\\item In the \\emph{two-party} case, we transform Yao\'s garbled circuit protocol~\\cite{yao86} into a constant-round two-party PFE. Depending on the instantiation of the underlying subprotocol, we either obtain a two-party PFE with linear complexity that improves on the only other work with similar asymptotic efficiency (Katz and Malka, ASIACRYPT 2011), or a two-party PFE that provides the best concrete efficiency to date despite not being linear.

\\item The above two constructions are for boolean circuits. In case of \\emph{arithmetic circuits}, we obtain the first PFE with linear complexity based on any additively homomorphic encryption scheme. \\end{itemize}

Though each construction uses different techniques, a common feature in all three is that the overhead of hiding the circuit $\\C$ is essentially equal to the cost of running the OEP protocol on a vector of size $|\\C|$. As a result, to improve efficiency, one can focus on lowering the cost of the underlying OEP protocol. OEP can be instantiated using a singly homomorphic encryption or any general-purpose MPC but we introduce a new construction that we show is significantly more efficient than these alternatives, in practice. The main building block in our OEP construction is an efficient protocol for \\emph{oblivious switching network evaluation} (OSN), a generalization of the previously studied oblivious shuffling problem which is of independent interest. Our results noticeably improve efficiency of the previous solutions to oblivious shuffling, yielding a factor of 25 or more gain in computation and communication.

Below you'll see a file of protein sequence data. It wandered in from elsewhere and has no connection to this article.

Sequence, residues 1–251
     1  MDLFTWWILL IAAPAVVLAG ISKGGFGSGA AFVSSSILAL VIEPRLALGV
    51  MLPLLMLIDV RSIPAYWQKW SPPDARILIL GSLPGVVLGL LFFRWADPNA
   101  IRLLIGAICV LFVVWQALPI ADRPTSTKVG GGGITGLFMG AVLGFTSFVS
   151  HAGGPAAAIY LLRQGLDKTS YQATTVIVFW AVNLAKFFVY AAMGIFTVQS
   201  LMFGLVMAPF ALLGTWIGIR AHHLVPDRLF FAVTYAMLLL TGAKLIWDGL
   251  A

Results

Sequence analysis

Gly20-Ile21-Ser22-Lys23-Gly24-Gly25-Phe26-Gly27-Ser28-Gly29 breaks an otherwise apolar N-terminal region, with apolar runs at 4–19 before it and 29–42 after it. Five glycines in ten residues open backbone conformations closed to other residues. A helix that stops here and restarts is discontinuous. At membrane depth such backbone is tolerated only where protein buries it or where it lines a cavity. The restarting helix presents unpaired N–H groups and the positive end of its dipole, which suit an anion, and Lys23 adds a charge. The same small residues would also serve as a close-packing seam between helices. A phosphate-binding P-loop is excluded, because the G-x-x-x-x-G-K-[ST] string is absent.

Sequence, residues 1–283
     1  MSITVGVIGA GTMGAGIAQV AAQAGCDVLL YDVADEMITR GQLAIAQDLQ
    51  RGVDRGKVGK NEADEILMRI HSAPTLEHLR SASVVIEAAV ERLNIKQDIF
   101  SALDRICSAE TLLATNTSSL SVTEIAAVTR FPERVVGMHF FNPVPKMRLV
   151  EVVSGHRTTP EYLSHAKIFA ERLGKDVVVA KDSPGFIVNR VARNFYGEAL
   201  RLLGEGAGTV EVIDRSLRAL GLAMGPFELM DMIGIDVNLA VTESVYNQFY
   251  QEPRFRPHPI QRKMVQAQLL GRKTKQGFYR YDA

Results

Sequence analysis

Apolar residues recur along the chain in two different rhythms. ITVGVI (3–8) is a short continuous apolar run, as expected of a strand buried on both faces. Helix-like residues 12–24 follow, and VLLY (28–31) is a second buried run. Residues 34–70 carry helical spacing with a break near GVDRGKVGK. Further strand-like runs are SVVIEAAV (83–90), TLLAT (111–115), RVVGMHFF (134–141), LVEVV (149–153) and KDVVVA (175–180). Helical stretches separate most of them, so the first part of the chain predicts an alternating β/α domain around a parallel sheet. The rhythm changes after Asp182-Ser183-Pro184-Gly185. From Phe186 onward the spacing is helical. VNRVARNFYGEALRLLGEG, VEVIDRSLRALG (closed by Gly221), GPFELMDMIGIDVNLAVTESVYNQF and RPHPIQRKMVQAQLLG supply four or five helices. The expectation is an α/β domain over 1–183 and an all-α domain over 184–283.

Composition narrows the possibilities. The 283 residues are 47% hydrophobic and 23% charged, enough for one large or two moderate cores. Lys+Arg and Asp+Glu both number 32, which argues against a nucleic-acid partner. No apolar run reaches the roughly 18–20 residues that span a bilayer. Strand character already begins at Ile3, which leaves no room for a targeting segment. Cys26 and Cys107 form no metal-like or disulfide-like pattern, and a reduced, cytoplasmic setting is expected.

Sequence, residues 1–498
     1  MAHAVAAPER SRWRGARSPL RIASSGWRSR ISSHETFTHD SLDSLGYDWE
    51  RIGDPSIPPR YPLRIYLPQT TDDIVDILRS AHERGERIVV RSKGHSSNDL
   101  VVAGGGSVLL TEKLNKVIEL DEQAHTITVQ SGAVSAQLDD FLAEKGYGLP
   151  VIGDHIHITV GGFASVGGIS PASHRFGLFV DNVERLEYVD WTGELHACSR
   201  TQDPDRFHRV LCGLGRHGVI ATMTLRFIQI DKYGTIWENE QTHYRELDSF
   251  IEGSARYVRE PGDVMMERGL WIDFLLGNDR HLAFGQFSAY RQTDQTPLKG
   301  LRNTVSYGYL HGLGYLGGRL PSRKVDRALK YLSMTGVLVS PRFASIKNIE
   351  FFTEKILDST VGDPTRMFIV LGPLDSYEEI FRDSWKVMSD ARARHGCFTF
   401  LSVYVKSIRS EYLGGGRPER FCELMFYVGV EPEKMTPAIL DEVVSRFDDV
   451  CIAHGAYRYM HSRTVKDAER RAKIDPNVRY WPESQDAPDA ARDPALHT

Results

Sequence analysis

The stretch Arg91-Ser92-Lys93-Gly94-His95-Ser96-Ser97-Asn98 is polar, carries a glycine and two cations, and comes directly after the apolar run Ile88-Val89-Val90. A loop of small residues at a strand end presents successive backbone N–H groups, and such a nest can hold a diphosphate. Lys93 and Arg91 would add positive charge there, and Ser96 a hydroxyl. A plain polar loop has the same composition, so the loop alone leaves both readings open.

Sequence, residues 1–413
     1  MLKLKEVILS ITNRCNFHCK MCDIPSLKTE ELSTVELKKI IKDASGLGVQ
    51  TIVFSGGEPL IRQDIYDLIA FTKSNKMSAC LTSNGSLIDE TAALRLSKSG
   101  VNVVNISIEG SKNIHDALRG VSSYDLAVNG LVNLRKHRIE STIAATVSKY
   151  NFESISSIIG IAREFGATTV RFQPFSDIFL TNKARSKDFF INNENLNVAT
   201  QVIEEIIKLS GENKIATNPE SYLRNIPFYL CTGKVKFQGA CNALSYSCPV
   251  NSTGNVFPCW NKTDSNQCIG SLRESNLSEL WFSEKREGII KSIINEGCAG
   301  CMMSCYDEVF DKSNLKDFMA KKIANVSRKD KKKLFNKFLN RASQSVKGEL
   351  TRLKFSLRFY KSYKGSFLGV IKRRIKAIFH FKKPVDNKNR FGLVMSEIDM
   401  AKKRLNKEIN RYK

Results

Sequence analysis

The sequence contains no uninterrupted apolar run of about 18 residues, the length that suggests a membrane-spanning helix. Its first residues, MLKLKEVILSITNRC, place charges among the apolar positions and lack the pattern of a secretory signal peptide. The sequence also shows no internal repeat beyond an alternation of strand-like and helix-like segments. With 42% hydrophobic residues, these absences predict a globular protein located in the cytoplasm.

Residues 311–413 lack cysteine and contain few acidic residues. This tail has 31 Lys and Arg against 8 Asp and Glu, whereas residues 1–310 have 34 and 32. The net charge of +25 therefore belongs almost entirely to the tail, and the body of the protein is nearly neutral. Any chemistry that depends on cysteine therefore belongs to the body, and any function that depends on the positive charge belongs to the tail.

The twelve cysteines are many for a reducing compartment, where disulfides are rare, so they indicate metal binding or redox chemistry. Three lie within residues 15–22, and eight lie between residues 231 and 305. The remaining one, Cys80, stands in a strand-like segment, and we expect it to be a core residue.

22:17 [Pub][ePrint]

Basing on Learning with errors over rings (RLWE) assumption, we provide a new multi-bit somewhat homomorphic encryption scheme. We introduce canonical embedding to transform a ring element into a vector, such that polynomial multiplication can be performed in O(nlog n) scalar operations, and ciphertext size is reduced at the same time. The CPA security of this scheme can be reduced into RLWE assumption.

2013-03-08
22:16 [Job][New]